10. Delay expense reimbursement: Truly loyal staff will be happy to shell out their own cash to keep the business going. The longer you stall reimbursing them, the happier they'll be.
11. Buy nothing but the best: for yourself. Your staff can get by on whatever supplies they can beg or scrounge from the alley behind your shop. But you, you're a man of vision, and deserve nothing but the best. Use company finances to lease expensive vehicles, buy matching 52" plasma screens for you and your mistress/boy toy (see #8), and import exotic knick-knacks from overseas. You deserve it.
12. Book-keeping is a pain, so why bother? Numbers make your brain hurt, that's not what you went into business for. Keeping track of invoices, accounts receivable, accounts payable... Who cares? It's all going to balance out in the end, right?
13. Involve as many staff as you can in shady business deals: Everyone sells containers of e-waste to China for beer money, there's nothing wrong with it. Changing date codes is just business as usual. And all that "discount equipment" you bought off Tony the Twitch? Get your staff to help unload it. Any staff who quit over a crisis of conscious, well, you didn't want them around anyway. Make sure you threaten them on the way out the door so they won't report you to the authorities.
14. Constantly question your staff's loyalty: Pick on one person every time you show up and question their loyalty in front of the rest of the staff. Works wonders for morale.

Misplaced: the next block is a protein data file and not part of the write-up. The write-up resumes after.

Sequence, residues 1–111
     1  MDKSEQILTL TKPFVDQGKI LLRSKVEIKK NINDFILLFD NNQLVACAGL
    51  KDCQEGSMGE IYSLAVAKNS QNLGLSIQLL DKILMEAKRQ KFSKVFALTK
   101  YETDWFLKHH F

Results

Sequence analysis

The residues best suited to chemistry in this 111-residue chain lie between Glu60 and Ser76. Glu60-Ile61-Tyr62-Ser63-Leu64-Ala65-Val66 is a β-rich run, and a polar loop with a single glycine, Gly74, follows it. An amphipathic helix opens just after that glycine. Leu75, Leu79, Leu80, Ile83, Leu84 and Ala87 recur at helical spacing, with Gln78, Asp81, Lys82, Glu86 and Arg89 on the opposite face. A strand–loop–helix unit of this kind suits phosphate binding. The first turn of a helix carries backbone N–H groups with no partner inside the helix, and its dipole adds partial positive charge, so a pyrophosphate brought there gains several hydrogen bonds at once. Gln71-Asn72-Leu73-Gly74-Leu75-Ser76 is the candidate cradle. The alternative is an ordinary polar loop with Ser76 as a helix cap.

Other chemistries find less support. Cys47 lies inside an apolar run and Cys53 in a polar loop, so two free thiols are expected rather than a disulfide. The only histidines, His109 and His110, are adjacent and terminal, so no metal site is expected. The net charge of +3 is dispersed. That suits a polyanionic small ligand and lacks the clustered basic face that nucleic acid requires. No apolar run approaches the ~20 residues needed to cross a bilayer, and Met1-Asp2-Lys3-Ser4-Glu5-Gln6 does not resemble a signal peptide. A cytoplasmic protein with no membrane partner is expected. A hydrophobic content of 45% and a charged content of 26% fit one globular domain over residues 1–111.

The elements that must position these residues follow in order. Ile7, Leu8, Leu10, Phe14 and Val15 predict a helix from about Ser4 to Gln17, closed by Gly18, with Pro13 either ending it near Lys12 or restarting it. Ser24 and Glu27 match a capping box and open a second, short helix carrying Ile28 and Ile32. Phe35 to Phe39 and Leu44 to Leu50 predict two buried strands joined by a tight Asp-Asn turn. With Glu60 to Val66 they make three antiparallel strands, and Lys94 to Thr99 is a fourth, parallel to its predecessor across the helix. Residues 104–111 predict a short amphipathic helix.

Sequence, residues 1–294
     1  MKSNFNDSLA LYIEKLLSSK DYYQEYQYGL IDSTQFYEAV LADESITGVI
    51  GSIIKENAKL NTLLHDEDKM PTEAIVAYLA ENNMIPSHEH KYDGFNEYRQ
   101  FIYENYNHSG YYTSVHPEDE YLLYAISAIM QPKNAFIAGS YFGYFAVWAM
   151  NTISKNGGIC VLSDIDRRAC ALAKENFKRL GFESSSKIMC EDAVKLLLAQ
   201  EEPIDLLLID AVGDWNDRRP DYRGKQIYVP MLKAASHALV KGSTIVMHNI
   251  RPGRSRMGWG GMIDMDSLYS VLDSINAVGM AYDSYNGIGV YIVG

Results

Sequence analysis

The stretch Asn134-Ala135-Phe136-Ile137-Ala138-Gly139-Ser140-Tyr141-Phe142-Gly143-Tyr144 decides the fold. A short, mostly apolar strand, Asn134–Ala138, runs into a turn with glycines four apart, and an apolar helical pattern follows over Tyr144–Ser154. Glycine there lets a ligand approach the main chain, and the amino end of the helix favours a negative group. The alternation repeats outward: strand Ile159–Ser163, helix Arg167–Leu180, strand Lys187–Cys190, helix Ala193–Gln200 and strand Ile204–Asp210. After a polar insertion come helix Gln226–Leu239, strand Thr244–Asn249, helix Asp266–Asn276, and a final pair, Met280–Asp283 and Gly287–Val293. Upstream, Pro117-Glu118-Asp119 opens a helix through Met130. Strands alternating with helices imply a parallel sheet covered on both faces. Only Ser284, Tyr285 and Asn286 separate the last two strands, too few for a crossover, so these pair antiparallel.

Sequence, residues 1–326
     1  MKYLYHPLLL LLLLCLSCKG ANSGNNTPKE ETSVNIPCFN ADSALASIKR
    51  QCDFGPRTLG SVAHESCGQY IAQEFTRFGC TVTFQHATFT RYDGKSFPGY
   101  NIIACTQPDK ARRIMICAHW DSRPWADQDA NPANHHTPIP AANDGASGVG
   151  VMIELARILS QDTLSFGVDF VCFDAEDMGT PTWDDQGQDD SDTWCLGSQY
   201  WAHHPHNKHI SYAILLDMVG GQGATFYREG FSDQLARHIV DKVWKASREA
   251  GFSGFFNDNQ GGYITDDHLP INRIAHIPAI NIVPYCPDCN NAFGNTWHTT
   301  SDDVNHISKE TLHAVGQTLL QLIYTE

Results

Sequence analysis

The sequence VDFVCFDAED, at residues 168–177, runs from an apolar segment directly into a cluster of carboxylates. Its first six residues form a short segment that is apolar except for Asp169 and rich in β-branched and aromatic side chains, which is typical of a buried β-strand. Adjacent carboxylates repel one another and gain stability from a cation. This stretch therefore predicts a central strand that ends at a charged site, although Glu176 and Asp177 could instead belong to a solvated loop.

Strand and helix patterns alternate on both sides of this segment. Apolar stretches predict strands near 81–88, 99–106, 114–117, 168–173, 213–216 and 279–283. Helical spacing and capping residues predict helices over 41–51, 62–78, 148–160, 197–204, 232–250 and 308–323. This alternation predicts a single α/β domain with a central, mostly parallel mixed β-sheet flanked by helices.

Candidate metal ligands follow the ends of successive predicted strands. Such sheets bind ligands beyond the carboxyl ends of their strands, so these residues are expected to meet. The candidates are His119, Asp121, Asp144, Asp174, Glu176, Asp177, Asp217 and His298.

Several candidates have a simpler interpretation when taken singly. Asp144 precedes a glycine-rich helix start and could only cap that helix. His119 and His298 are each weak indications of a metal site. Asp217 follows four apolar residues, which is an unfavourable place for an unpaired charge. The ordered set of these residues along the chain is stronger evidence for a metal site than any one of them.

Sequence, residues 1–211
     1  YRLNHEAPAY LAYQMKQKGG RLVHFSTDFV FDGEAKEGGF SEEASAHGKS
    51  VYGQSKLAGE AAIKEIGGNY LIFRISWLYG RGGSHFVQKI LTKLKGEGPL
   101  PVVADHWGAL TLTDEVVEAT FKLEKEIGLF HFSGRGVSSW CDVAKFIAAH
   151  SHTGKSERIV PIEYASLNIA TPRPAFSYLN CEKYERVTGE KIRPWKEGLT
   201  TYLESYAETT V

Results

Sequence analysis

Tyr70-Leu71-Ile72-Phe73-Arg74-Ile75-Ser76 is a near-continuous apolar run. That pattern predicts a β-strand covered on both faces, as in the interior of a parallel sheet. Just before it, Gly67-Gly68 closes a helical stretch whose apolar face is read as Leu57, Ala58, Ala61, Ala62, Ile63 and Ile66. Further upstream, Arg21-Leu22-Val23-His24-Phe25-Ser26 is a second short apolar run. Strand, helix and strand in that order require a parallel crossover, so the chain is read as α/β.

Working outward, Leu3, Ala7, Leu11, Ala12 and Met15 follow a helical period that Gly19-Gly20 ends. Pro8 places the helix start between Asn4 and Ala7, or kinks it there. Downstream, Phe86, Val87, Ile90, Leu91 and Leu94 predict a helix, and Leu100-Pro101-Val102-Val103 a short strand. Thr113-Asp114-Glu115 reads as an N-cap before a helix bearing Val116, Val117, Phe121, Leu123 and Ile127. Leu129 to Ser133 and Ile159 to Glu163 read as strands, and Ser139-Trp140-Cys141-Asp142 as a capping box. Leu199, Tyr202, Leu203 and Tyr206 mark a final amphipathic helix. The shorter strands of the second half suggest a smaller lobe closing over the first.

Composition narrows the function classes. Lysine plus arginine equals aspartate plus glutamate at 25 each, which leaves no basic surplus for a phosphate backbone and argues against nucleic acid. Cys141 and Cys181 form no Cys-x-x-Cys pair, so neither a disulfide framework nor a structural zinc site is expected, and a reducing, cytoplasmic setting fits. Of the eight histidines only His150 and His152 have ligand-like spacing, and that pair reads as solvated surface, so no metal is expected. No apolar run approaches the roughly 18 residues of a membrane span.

15. Divide and conquer your staff: Make sure when you're one on one with a staff member, you buoy them up, and cut down all the other staff. It's not like your staff hang out together, work together, and swap notes. Keep them in a constant state of distrust of each other.
Did I miss anything?
Remember, anyone can repeat successful habits. It takes grit to learn from your mistakes, and the mistakes of others.
Never underestimate the power of flexibility.
I think that's OK from a business plan sense when you have a crystal clear vision and have articulated that vision to your staff (and they get it). In that case flexibility is not about moving the goalposts (which I think is what Grelmar was alluding to), it's about moving the lines in between the goalposts, and that can work fine.
The risk with that strategy is you spend your VC cash and run out of runway moving lines and you never reach target. Strong leadership skill and an agile team can pull you through that but it's not for everyone.
44) Hire lots of contractors (when you could hire f/t employees for 2/3 the cost), then give them full rein to manage themselves AND your employees.
It's a gift that keeps on giving - they'll keep your employees as uninformed as possible and create plenty of reasons to keep themselves around forever. Just leave them alone do their thing - the less you know the happier you'll be. Great for employee morale too (not!).
45: Break the project down into tiny pieces, and hire a different contractor for each piece. Hire a separate contractor as "Lead Systems Integrator," then yet a different contractor to handle overall project management.
You don't see this very much in the private sector, but it's a favourite method of the government. We all know how efficient and cost effective government projects tend to be. It allows you to spend all your time golfing, while giving you a target rich environment for blame when the whole thing collapses on itself.
48. Do the absolute minimum for your employees and make sure to fire at least one a week during the down season. Act surprised when those same employees don't stay late or come in early.